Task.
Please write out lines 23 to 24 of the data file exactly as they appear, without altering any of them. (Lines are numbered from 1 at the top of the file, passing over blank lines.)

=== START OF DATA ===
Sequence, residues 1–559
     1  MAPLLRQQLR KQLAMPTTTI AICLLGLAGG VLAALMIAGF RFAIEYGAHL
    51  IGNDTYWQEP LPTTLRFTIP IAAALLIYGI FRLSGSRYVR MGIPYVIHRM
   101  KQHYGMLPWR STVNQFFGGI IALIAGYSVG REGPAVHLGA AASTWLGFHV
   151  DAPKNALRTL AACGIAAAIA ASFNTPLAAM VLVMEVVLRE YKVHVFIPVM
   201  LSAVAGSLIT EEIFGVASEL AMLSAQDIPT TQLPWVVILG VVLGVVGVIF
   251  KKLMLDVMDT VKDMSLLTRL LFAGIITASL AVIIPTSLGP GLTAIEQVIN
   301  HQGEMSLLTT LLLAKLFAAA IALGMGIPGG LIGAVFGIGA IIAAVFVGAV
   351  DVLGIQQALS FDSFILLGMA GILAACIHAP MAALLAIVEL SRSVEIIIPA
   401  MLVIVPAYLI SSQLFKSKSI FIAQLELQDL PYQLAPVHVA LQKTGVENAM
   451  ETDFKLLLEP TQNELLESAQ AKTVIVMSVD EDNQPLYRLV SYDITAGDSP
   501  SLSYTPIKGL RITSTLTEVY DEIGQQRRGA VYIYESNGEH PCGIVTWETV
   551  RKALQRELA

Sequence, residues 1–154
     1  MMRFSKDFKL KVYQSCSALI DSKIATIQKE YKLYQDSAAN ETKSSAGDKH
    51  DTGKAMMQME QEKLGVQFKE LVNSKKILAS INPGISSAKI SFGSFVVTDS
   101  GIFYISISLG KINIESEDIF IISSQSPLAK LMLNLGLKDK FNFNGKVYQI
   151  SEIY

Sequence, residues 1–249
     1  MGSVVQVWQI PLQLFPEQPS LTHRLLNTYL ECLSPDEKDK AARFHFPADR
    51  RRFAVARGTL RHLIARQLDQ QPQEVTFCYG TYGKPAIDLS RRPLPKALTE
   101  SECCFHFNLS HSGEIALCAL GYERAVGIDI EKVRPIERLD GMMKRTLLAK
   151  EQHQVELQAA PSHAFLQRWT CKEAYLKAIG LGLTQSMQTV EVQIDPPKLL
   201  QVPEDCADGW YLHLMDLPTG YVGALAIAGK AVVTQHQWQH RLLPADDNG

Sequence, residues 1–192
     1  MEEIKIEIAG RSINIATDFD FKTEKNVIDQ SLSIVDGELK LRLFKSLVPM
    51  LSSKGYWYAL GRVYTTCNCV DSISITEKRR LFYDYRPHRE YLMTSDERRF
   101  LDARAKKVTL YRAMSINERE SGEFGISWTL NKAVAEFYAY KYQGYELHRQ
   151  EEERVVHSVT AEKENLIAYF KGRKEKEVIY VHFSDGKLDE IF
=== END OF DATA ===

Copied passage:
   151  EQHQVELQAA PSHAFLQRWT CKEAYLKAIG LGLTQSMQTV EVQIDPPKLL
   201  QVPEDCADGW YLHLMDLPTG YVGALAIAGK AVVTQHQWQH RLLPADDNG